Lovely sentiment, right? But if you say this to someone you suspect has an eating disorder, you’re essentially saying “you’re ugly” and “you’ll fail, so don’t bother trying to lose weight.” Look, no one ever said this was logical. Again, try and hear this from the opposite perspective – it can sound accusatory, and like the person is doing something wrong. Of course, their behavior is not to be encouraged, but making accusations and threatening the person is going to make them close off to you instead of trust you and open up about their issues. Instead of making generic statements like the one above, try focusing on what makes the person special or important to you. “I love your sense of humor and your extensive knowledge of marsupial trivia.” Or something.

RuPaul is wise, but save this statement for later.

6. “If you loved me, you’d get better.”

This is a nice idea, but fundamentally untrue. Guilt is not an effective motivator for people with eating disorders – we already feel guilty enough! We feel guilty for not being good enough, not being skinny enough, affecting our friends and family, attracting attention to ourselves…it goes on and on. In order to go into true recovery, an ED patient needs to be doing it for themselves, and not out of guilt or out of the desire to please someone else. Most of us are people pleasers by nature. Being reminded of yet another way that we are failing only leads to resentment and being closed off to help. Instead of saying something like that, try: “I love you and I want to be there to support you in any way I can.” Simple enough, right?

7. “That girl/guy needs to eat a cheeseburger/stop eating cheeseburgers.”

I assure you, if it was as simple as eating a cheeseburger (or not eating them anymore), eating disorders wouldn’t exist. I promise, it’s not like I suddenly forgot what cheeseburgers tasted like when I develop an eating disorder. Statements like this reflect a total lack of understanding of eating disorders in general, so just don’t say them.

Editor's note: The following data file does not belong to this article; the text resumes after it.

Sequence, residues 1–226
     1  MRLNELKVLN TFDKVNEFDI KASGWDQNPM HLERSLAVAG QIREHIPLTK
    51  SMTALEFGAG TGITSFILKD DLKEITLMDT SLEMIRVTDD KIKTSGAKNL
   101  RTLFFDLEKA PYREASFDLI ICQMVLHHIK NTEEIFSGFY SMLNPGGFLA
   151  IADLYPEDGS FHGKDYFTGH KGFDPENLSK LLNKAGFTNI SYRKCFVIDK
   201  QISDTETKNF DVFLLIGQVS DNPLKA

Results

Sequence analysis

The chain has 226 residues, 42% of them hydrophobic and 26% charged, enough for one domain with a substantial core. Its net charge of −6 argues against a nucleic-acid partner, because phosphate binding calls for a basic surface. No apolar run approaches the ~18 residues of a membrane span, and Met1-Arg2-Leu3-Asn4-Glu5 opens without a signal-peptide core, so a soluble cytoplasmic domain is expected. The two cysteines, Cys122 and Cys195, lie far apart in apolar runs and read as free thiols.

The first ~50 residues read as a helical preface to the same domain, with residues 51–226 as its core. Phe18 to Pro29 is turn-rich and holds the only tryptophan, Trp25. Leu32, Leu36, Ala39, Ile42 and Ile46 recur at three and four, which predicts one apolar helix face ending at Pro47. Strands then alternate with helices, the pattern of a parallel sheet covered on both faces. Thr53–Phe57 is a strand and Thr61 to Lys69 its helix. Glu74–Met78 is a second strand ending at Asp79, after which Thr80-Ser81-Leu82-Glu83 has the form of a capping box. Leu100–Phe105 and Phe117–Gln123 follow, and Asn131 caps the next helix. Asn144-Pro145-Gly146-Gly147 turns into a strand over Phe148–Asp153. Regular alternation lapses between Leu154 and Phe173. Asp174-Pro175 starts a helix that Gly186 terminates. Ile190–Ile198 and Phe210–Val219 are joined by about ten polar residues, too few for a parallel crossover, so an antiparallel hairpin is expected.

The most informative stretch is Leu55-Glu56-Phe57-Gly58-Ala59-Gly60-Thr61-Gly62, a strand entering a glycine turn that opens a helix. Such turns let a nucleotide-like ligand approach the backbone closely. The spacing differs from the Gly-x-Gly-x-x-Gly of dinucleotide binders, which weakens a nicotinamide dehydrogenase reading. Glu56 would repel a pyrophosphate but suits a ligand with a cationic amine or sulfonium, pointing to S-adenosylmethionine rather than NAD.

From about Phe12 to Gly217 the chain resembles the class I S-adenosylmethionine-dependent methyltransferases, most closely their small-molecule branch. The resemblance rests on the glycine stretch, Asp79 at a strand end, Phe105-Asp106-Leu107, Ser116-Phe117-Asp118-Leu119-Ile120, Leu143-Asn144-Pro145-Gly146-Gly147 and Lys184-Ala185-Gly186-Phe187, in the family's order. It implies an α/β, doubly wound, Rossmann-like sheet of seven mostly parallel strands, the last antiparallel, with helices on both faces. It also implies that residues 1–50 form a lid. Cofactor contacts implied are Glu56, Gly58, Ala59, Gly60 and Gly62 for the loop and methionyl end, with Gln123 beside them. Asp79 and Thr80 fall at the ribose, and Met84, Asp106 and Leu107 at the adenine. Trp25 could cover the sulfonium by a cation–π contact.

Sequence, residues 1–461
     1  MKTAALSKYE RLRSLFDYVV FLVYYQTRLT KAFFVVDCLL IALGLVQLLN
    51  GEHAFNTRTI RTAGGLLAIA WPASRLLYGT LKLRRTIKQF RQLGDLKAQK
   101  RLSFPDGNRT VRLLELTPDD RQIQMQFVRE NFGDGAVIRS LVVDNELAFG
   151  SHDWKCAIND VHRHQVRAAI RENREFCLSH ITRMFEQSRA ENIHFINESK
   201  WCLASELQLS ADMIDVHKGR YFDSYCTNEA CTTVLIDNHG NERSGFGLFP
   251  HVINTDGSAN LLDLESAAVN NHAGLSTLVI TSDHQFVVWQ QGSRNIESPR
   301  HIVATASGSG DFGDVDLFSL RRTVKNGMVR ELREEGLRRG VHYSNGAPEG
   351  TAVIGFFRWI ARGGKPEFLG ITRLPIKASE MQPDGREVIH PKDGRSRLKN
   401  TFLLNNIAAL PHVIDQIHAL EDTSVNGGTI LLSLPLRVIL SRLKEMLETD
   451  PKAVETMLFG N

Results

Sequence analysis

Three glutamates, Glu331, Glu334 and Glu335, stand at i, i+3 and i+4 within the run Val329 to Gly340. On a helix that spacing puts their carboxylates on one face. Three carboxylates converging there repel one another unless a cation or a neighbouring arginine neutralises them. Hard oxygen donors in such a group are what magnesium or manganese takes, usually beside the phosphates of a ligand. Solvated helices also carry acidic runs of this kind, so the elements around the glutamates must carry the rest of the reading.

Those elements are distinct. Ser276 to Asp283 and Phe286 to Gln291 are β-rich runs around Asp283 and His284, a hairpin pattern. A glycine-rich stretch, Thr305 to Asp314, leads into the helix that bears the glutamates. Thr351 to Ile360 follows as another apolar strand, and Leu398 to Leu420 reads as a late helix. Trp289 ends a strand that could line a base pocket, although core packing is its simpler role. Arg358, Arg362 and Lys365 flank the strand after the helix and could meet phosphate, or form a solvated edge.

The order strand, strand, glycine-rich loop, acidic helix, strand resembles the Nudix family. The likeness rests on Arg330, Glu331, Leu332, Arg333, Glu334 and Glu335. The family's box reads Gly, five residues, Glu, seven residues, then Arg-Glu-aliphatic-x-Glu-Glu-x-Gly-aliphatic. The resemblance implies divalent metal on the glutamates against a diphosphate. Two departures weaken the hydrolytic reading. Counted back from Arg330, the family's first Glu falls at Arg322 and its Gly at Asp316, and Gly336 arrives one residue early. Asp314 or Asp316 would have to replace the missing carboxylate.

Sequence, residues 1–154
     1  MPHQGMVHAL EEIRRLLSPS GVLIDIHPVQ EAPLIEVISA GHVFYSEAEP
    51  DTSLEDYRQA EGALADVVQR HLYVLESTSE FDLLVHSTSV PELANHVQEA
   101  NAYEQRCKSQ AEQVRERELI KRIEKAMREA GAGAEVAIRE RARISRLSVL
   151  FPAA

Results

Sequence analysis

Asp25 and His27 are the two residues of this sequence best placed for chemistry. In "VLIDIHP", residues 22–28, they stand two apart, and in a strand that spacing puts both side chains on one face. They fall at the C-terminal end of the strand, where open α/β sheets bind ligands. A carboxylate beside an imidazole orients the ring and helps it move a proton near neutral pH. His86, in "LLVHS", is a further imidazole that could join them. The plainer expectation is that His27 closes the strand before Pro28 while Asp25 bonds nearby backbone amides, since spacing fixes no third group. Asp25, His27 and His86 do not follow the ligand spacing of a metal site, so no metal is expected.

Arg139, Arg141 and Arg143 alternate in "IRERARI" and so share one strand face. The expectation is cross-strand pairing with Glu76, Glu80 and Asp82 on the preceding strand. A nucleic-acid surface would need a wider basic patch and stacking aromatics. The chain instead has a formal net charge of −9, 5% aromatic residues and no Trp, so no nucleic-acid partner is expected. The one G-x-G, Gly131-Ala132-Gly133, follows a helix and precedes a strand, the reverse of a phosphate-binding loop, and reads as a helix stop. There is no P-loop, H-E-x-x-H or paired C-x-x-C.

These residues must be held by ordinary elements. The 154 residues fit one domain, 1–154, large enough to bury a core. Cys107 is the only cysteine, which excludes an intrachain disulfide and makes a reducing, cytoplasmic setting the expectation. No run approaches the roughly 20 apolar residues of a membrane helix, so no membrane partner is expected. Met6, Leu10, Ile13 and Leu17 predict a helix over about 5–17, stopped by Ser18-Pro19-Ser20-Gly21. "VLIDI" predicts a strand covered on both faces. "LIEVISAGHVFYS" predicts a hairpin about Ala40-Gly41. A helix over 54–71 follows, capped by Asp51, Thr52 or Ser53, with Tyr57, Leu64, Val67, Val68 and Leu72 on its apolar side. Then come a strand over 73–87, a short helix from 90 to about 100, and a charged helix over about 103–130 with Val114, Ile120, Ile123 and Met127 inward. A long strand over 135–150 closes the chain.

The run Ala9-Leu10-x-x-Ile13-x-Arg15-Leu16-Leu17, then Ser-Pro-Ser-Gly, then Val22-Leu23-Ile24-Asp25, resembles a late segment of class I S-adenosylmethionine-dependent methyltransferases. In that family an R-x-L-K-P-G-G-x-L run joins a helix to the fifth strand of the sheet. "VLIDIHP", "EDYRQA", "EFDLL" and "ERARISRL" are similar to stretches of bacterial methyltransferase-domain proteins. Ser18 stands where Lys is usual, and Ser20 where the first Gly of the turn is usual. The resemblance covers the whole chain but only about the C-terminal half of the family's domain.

Men in women’s clothing is a theme for me today. Whatever.

8. “I wish I could be anorexic/bulimic for like…a month.”

You’d be shocked to know how many people have actually said this to me after finding out I have an eating disorder. Eating disorders aren’t something you can turn on and turn off, of course. What they really mean is “I wish I had your willpower,” and eating disorders aren’t about willpower – they’re a sickness. Statements like these emphasize the speaker’s belief that eating disorders aren’t serious or aren’t hard to recover from. While ED patients realize their actions are difficult to understand, they don’t need the idea to be reinforced that their actions are good – and that’s basically what you’re saying when you make a statement like this.

And for the record, no, you don’t wish that. I promise.

9. “You look so skinny! Are you ok?”

Let me be clear – voicing concern is good. Voicing concern like this? Not good. Here’s why – first, you’re drawing attention to the appearance of the person you think has an eating disorder, immediately making them self conscious and closed-off. Second, you’re inadvertently reinforcing the behavior, even though you mean “you’re so skinny!” in a bad way. When someone tells me I look skinny, that’s an automatic win – especially if they say it with a lot of shock in their voice. “I’m so skinny? SWEET!” Instead, as I mentioned above, focus on things that are not appearance-related, such as behavior: “I noticed you’ve only been eating small salads for all your meals lately, and I’m concerned.”